Whey protein is one of the most frequently used and understood supplements in the bodybuilding and fitness marketplace. Despite this, there remains a great deal of misinformation that surrounds not only its purpose, but use as well. With that in mind, we look into the traditional, and not so traditional uses of Whey protein. In particular, we will try to dispel some of the myths that come up with Whey protein.
First Of All What Is It?
Whey protein is a complex protein consisting of many small protein sub fractions as well as minor peptides. Each molecule of Whey protein has a lot going on and until recently, it was prohibitively expensive to separate the more reactive components we use from the bulk of the molecular chains. The process of refining the Whey protein and making it more full of the things we need is called concentration. As a result, Whey protein will have several times the amount of different proteins typically found in trace amounts in things like milk. It all depends on the filtration process used to turn milk into Whey protein.
What Whey Protein Can Do For You
Despite all the misinformation and false claims, Whey protein provides a great deal of benefits. Containing powerful antioxidants (GSH), Whey protein can aid in boosting your immune system and improving liver functionality. In addition, people swear by the benefits that Whey protein provides for muscle growth and recovery. Containing a high degree of protein, it is often used as a dietary supplement to boost the intake of protein and amino acids.
What Kinds Of Whey Are There?
There are 3 different types of Whey protein powder that also benefit athletes and bodybuilders in different ways, while we will briefly go into it here, we recommend seeing this post at Supplement Express for a more detailed view.
The 3 types we are talking about are; Whey Protein Isolate, Whey Protein Concentrate and Hydrolyzed Whey. They all different in their protein to carbohydrate and fat ratio, which also is one of the reasons they provide different benefits to athlete and bodybuilders. Whey Protein Concentrate is roughly 70-80% of protein per weight. This type of protein is the least filtered and contains more carbohydrate, fats and lactose then the rest. Whey Protein Isolate on the other hand contains roughly 80-90% of protein per weight. It also contains less carbohydrates, fats and lactose than WPC and is also digested quicker by the body. Last but not least, Hydrolyzed Whey contains roughly 90-97% of protein per weight. It has little to none carbohydrates, fat and lactose. Furthermore Hydrolyzed whey is one of the quickest digesting whey protein powders. So quick that within 15 minutes the body can absorb all of the Hydrolyzed Whey that was consumed.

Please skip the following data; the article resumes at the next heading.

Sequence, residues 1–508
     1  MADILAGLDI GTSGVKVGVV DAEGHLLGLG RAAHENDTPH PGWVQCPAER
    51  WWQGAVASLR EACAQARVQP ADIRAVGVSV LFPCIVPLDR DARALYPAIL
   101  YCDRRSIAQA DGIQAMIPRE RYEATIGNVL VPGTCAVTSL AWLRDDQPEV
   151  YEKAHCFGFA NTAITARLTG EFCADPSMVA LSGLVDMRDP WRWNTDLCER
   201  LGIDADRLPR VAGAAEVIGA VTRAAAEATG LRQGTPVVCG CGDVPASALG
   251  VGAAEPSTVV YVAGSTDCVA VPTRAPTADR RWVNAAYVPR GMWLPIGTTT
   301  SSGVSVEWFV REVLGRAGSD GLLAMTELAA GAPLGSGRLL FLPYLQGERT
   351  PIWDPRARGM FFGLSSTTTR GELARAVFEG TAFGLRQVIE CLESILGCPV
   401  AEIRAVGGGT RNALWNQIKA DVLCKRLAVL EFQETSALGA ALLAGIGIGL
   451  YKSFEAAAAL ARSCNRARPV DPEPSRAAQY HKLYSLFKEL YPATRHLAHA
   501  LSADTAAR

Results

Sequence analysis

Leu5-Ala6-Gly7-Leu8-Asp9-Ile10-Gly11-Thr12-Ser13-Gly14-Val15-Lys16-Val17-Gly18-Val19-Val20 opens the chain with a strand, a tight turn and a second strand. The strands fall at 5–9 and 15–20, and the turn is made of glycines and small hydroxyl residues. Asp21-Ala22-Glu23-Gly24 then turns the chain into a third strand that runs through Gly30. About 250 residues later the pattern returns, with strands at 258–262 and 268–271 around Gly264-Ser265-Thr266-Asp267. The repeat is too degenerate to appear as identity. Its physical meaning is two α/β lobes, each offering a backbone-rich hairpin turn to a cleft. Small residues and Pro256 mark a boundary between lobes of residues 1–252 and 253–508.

While Whey protein is often advertised as a muscle gainer, it is basically a supplement that is high in protein. The different types of Whey provide a range of benefits, more notably is the speed at which it can be digested and absorbed by the body. As well the amount of protein per weight and other benefits like an enhanced immune system all help to make Whey protein a convenient and beneficial supplement to boosting protein intake and as a result assisting with the recovery and the development of muscle. However with each year that passes new and interesting facts start to appear about Whey protein, defining what it can and cannot do. Do yourself a favor and focus on these studies over any hype you read online. That way you will always have the facts and not just some rumors or ‘bro science’.